Conference Debrief – Highlights from the ECN DMA Workshop

The ECN DMA conference, hosted in Amsterdam on the 24th of June was, if we may, DMA-zing. Fiona Scott Morton & Martijn Snoep were not wrong to start the conference by saying that innovation happens here. Not just through the DMA’s potential to unleash business users innovative talent, but also through this new way of dialogue between business users and enforcers: The conference created a space for business users to speak up, and regulators to listen. For the SCiDA team, Jasper van den Boom & Sarah Hinck report the highlights of a dense and insightful conference.

By Jasper van den Boom & Sarah Hinck

Opening words – Martijn Snoep & Fiona Scott Morton

Head of the Dutch ACM Martijn Snoep and Yale economist Fiona Scott Morton started the conference by explaining how the idea of the ECN DMA workshop was born on a short, shared train ride after a conference in Rome (we suspect it was this one). And what an empire they built! The Rome Express stopped at the Sheraton Hotel at Schiphol (Amsterdam) where 400 participants gathered, including a Commission delegation of Margrethe Vestager, Thomas Kramler and Lucia Bonova, as well the crème de la crème of national enforcers and business representatives from Walt Disney to Klarna. This ECN DMA conference was larger – significantly larger – than the official DMA compliance workshops.

Maybe, this has to do with the change of perspective: The business users finally took the floor to tell us what they need from enforcers, and to explain what effective compliance means for them. Fiona Scott Morton reminded the audience that the purpose of the DMA is to facilitate innovation, and that it is ultimately business users that will create the innovative products and services. She also gave a hint of what might be ‘effective compliance’: that businesses can get into the space created by the DMA and are able to do their business.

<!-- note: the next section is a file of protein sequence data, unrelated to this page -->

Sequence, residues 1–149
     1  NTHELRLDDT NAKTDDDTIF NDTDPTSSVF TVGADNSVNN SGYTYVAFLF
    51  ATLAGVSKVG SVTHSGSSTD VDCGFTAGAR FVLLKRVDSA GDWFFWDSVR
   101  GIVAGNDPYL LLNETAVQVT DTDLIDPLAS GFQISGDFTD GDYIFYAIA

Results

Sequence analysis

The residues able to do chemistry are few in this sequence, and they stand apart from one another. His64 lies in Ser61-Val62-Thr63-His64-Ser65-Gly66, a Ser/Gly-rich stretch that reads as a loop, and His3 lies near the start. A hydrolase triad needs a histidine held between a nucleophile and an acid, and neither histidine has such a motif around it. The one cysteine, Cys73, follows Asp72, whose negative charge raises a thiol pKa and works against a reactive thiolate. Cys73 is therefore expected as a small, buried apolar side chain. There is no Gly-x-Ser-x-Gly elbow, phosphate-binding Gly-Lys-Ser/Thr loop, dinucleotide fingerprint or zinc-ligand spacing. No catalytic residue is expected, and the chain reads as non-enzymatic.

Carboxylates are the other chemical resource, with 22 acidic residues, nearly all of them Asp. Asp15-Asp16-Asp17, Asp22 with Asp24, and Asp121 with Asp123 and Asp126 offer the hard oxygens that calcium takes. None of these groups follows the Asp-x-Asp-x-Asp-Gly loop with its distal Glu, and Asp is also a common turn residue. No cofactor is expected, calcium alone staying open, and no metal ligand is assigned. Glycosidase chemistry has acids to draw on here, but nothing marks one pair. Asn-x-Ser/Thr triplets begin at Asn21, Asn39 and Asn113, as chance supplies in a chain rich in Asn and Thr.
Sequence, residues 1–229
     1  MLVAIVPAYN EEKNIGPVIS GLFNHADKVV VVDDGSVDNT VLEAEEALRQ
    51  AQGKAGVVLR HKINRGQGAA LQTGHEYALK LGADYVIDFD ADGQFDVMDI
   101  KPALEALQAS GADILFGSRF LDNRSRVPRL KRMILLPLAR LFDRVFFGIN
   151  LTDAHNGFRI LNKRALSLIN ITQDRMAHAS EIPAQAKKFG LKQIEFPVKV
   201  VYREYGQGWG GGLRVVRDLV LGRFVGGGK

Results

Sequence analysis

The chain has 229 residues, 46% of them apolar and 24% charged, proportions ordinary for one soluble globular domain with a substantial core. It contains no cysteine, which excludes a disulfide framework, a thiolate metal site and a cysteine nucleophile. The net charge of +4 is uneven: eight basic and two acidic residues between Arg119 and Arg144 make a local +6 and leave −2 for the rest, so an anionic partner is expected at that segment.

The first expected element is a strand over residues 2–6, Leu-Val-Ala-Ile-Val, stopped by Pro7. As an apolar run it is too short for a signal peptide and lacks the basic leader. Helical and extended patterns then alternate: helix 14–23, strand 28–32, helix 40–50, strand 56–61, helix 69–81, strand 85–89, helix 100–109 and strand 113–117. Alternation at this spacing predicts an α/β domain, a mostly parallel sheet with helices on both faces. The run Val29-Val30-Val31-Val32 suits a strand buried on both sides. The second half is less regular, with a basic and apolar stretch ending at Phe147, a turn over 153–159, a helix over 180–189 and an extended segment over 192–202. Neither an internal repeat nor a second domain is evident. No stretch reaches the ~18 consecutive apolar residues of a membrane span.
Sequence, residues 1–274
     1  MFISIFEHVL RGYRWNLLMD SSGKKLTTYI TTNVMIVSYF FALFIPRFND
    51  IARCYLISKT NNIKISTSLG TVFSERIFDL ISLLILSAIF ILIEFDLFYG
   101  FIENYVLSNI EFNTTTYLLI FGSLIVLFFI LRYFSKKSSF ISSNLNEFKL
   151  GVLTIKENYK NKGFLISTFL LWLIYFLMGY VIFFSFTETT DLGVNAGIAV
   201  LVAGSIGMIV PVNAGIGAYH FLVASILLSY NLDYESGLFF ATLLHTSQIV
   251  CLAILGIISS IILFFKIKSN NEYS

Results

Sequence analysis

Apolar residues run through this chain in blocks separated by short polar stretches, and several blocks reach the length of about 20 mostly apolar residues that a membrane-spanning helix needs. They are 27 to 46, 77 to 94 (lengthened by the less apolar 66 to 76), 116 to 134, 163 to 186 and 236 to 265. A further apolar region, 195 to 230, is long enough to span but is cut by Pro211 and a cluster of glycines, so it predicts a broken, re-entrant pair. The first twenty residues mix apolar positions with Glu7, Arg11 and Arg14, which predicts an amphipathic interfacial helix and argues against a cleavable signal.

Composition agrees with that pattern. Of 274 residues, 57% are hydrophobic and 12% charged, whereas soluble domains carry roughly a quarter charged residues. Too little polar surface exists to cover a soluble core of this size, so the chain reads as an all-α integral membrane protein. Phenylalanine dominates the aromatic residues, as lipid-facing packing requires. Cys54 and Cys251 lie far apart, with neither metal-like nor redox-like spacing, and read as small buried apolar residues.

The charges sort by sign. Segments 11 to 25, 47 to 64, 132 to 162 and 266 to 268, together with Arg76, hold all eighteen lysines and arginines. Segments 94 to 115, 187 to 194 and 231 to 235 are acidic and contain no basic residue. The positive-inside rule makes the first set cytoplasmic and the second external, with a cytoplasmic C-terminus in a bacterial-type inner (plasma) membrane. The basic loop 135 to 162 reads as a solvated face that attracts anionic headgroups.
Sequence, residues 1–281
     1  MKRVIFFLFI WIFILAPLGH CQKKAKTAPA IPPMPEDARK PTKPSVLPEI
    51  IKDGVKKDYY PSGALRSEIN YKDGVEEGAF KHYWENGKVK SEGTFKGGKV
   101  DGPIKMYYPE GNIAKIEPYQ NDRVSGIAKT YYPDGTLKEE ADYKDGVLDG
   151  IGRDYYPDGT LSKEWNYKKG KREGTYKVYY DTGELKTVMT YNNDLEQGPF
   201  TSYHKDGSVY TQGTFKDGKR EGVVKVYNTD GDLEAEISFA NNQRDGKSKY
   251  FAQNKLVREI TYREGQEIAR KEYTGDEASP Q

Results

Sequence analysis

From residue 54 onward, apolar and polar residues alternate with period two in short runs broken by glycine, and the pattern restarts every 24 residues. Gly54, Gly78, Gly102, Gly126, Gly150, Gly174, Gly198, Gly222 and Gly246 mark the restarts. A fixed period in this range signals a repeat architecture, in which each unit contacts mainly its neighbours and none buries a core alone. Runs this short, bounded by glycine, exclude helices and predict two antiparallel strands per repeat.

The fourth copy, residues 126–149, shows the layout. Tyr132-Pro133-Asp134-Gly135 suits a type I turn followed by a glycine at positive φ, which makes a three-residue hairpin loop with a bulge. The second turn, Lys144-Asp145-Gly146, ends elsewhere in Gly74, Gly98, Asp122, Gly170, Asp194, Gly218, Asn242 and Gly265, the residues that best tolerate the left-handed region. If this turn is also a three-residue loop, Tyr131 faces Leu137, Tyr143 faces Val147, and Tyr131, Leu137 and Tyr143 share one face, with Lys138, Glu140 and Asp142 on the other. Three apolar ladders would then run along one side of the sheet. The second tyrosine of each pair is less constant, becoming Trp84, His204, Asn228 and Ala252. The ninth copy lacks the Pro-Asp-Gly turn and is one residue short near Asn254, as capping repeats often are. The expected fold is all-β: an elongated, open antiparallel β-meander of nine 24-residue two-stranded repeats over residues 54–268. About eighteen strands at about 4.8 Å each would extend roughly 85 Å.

Keynote #1 – Margrethe Vestager

Executive Vice President Margrethe Vestager brought a huge present to the conference. She was introduced by the hosts as the ‘mother of the DMA’, opened the conference and sent the message that the Commission is listening. The Commissioner (who actually stayed for lunch and joined us in the buffet line) emphasized that the Commission sees the DMA as the primary tool to unleash the talent of business users. And then dropped the present for business users: Vestager announced live on a stage of a sixth non-compliance investigation. Under applause, she continued to explain that Apple not only received preliminary findings in the ongoing non-compliance investigation but will be also investigated for its new business model, that seems to hinder, rather than support developers. She explained that this will be the litmus test of any non-compliance investigation: does the measure aim to enable or prevent competition and contestability.

Going with the flow of the EURO 2024 enthusiasm, she explained the main purposes of the DMA: Contestability means the rival team can actually play the match and is not stuck in the changing rooms. Fairness means that even when small players play the big teams everybody gets a fair chance and nobody has to run uphill on the pitch. She proudly announced that now, we can play the match against Big Tech on a levelled playing field as “#Team DMA”, nominating the Commission, national enforcers, business users and end-users. Everyone can contribute a fair share whether it is through enforcement, competition, or our own decisions.

Plenary panel #1 – Access & Interoperability

The first panel discussion gave the floor to some of Europe’s innovators. Johannes Reck, CEO of Get Your Guide, stole the show with his open and honest remarks about competition in the digital space and the importance of the DMA. In response to an earlier comment from the audience, he lambasted Booking’s CEO remark that the DMA is a “dumb regulation”, remarking that Booking was one of the DMA’s greater proponents before they got designated as gatekeeper. Johannes also explained the troubles that Get Your Guide has in competing with Google, stating that Google seems to truly “believe that they are the government” and that they have the right to create rules for competition on their platforms freely. Google’s response to the DMA was to further integrate their verticals on their horizontal search page, making it harder to compete. This affirms the idea that Google may be trying to outwit the Commission by making changes that benefit nobody but Google.